×

Sony fails to heed Stringer’s advice

Co. turns down Boxee despite open standards

During Sony chairman Howard Stringer‘s keynote at the Consumer Electronics Show last week, Tom Hanks got most of the laughs, mocking the speech that scrolled by on the TelePrompter, which was peppered with plugs for Sony products. (Hanks was at the Vegas gadget fest to promote next summer’s Sony release of “Angels and Demons.”) But Stringer earned a few chuckles of his own when he professed Sony’s undying devotion to open standards, which allow outside developers and vendors to add features easily.

“Open technologies are winning the game,” Stringer said, listing seven strategic initiatives for the media and electronics conglomerate. “Closed systems are being disintermediated.”

This from the company that has embraced and tried to profit from closed, proprietary systems and formats ranging from Betamax to Digital Audio Tape (DAT) to the MemoryStick to the Ultra MiniDisc (UMD), a small silver disc that once held movies that could be played only on Sony’s PlayStation Portable gaming device.

But there was Stringer, claiming that the rise of Linux, an open-source computer operating system that has been growing rapidly, has persuaded Sony that openness is the wave of the future.

“Consumers expect choice, and they expect services to work with any device,” he told the throng assembled in a ballroom at the Venetian.

Ironically, just a few hundred yards away on the trade show floor, start-up company Boxee and its CEO Avner Ronen were showing off their open-source software, intended to make photos, music, and Internet video content easier to navigate on a television, using a remote control. Boxee’s software already runs on Apple computers, AppleTV devices and Linux computers. Ronen says the company had recently been trying to talk to Sony about getting the software to run on the company’s PlayStation 3 game console, but hadn’t made headway.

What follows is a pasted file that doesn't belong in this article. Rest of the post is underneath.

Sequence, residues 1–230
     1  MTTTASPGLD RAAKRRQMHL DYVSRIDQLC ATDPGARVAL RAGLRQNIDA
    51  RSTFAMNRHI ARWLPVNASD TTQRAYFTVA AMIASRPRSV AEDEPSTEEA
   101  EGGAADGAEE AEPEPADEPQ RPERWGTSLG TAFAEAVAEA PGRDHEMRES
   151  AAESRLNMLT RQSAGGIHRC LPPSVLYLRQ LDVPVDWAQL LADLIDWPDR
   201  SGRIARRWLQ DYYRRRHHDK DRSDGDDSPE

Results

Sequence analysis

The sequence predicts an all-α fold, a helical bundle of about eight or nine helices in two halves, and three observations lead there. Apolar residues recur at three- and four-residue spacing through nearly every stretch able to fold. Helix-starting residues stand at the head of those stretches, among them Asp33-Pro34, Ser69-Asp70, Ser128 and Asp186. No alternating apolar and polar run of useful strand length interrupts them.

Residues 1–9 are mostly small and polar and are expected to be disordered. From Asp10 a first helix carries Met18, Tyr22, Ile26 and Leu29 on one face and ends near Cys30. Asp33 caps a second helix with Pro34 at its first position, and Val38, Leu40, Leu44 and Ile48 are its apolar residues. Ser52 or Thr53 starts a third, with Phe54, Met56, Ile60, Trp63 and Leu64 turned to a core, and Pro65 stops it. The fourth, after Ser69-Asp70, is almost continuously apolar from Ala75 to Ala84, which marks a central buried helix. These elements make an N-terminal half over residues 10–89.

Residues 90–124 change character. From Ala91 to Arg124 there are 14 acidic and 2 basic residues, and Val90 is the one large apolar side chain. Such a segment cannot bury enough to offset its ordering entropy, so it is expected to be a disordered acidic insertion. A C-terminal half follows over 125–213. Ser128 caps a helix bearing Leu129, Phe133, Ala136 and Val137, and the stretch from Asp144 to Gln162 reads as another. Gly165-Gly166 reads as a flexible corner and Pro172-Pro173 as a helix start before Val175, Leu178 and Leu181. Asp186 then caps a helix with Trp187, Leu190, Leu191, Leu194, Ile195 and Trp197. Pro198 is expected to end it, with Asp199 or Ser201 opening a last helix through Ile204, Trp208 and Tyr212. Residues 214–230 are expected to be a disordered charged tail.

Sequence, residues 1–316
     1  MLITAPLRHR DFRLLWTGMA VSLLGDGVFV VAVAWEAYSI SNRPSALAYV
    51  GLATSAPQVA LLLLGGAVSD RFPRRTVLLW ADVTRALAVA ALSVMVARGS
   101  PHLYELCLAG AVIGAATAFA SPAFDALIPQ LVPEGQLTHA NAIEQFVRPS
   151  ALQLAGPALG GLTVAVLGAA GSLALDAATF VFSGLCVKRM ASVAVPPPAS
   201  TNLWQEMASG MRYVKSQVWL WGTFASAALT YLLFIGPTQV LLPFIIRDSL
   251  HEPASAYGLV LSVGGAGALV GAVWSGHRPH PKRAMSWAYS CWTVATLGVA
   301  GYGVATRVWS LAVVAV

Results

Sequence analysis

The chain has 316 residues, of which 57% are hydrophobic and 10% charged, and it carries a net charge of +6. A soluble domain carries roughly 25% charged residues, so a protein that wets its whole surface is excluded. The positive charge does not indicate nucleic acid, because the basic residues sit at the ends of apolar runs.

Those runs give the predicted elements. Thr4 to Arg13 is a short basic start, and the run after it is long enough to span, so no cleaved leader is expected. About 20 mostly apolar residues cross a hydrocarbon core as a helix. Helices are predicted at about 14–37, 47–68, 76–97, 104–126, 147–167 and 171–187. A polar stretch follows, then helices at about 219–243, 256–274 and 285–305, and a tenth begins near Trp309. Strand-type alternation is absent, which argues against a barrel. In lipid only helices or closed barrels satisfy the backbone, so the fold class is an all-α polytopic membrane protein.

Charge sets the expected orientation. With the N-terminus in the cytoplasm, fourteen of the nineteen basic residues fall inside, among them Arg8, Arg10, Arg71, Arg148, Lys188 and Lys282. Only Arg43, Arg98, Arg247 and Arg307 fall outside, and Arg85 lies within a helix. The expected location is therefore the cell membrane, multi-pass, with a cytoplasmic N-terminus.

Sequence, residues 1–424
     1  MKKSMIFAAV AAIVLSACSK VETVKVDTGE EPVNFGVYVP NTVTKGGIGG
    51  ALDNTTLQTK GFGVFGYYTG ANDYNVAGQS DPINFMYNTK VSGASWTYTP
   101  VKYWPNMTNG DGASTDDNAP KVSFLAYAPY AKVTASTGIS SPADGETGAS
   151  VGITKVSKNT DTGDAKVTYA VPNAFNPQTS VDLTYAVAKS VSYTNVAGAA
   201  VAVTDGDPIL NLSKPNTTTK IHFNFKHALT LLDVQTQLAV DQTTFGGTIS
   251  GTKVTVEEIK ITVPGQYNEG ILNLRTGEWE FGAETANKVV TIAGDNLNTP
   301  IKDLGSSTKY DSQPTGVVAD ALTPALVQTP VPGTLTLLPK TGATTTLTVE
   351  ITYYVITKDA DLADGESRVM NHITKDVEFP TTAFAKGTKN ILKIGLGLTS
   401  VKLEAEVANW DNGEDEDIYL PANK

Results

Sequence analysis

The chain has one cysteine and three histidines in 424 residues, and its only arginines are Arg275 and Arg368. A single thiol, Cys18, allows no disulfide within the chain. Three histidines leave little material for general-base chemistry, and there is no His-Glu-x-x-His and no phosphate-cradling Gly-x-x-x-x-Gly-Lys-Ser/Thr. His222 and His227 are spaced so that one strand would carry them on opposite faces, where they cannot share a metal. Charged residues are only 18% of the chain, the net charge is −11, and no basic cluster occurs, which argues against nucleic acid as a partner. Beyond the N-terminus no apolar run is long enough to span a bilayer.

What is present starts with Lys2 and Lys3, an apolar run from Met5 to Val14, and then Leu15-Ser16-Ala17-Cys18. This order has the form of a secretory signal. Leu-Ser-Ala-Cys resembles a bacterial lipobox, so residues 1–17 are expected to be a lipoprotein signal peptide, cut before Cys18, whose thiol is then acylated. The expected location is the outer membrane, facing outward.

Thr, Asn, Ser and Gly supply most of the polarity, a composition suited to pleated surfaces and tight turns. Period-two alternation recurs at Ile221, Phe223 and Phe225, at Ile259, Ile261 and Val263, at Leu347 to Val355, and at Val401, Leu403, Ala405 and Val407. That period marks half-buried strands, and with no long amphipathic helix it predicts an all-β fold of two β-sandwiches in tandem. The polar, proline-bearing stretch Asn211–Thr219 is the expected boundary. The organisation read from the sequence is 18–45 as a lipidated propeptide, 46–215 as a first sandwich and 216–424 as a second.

“They’re not sure whether they like the idea, and they don’t know how it will affect their business model,” Ronen says.

Perhaps not everyone at Sony has gotten Stringer’s memo about openness.

More Music

  • Puerto Rican singer Ozuna poses during

    Ozuna Joins Vin Diesel in 'Fast & Furious 9'

    Ozuna, one of Latin music’s fastest-rising stars, has signed with UTA for representation. And to kick off the relationship, the agency has landed him a role in “Fast & Furious 9.” He is also in talks to join the film’s soundtrack. Justin Lin, who directed “Fast & Furious 6,” returns to direct the ninth installment [...]

  • FrancisGotHeat

    What Does Cannabis Sound Like? 'Sticky Situation' Extracts Music From the Plant

    Snoop Dogg and Ted Chung’s Merry Jane digital media cannabis company has teamed with eOne Music to release the first-ever commercially available song composed from sounds extracted from a cannabis plant. “Sticky Situation,” by producer FrancisGotHeat (Drake, Roy Woods, Bryson Tiller) and R&B singer Anders, both from Toronto, and featuring Los Angeles-based rapper Rich The [...]

  • Warner Chappell Names Shani Gonzales Head of

    Warner Chappell Names Shani Gonzales Head of International, Executive VP of A&R

    Warner Chappell Music today announced the appointment of Shani Gonzales as Head of International, Executive Vice President of U.S., A&R. Based in New York, she will report to the company’s co-chair & CEO Guy Moot. Gonzales was most recently co-head of A&R at BMG U.S. and U.K., following stints at Epic Records and Def Jam. She [...]

  • KeshaSaks x Stonewall Inn collection launch

    Kesha Releases Trailer for ‘Debaucherous Joy’-Filled New Album ‘High Road’

    Kesha is more glittery than ever in the trailer for her new studio album, “High Road.” The eclectic clip, released Monday, heralds the coming of Kesha’s first album since 2017’s “Rainbow.” Amidst vintage clips of the American landscape and snippets of new songs, Kesha explains what to expect during a sit-down interview. “I’ve seen the [...]

More From Our Brands

Access exclusive content